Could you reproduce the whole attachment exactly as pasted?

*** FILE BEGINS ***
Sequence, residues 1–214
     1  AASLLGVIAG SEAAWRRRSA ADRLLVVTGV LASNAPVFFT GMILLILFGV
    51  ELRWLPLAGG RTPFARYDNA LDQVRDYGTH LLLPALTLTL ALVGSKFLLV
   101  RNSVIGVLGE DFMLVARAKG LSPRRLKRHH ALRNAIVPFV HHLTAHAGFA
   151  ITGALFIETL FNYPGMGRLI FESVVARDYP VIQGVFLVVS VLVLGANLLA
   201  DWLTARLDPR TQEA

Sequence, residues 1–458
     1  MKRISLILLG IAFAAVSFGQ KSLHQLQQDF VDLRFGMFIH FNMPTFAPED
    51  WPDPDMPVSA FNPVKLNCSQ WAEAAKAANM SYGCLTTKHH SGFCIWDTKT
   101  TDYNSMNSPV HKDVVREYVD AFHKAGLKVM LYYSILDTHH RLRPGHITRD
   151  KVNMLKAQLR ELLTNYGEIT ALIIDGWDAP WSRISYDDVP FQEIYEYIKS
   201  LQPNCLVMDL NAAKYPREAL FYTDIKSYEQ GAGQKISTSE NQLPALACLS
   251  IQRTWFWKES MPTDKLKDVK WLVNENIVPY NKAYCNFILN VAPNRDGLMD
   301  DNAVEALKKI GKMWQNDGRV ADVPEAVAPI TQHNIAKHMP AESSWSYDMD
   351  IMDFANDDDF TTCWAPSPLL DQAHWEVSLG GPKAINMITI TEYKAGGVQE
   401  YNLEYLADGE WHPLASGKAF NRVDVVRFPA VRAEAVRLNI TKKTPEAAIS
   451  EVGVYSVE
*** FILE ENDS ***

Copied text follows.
Sequence, residues 1–214
     1  AASLLGVIAG SEAAWRRRSA ADRLLVVTGV LASNAPVFFT GMILLILFGV
    51  ELRWLPLAGG RTPFARYDNA LDQVRDYGTH LLLPALTLTL ALVGSKFLLV
   101  RNSVIGVLGE DFMLVARAKG LSPRRLKRHH ALRNAIVPFV HHLTAHAGFA
   151  ITGALFIETL FNYPGMGRLI FESVVARDYP VIQGVFLVVS VLVLGANLLA
   201  DWLTARLDPR TQEA

Sequence, residues 1–458
     1  MKRISLILLG IAFAAVSFGQ KSLHQLQQDF VDLRFGMFIH FNMPTFAPED
    51  WPDPDMPVSA FNPVKLNCSQ WAEAAKAANM SYGCLTTKHH SGFCIWDTKT
   101  TDYNSMNSPV HKDVVREYVD AFHKAGLKVM LYYSILDTHH RLRPGHITRD
   151  KVNMLKAQLR ELLTNYGEIT ALIIDGWDAP WSRISYDDVP FQEIYEYIKS
   201  LQPNCLVMDL NAAKYPREAL FYTDIKSYEQ GAGQKISTSE NQLPALACLS
   251  IQRTWFWKES MPTDKLKDVK WLVNENIVPY NKAYCNFILN VAPNRDGLMD
   301  DNAVEALKKI GKMWQNDGRV ADVPEAVAPI TQHNIAKHMP AESSWSYDMD
   351  IMDFANDDDF TTCWAPSPLL DQAHWEVSLG GPKAINMITI TEYKAGGVQE
   401  YNLEYLADGE WHPLASGKAF NRVDVVRFPA VRAEAVRLNI TKKTPEAAIS
   451  EVGVYSVE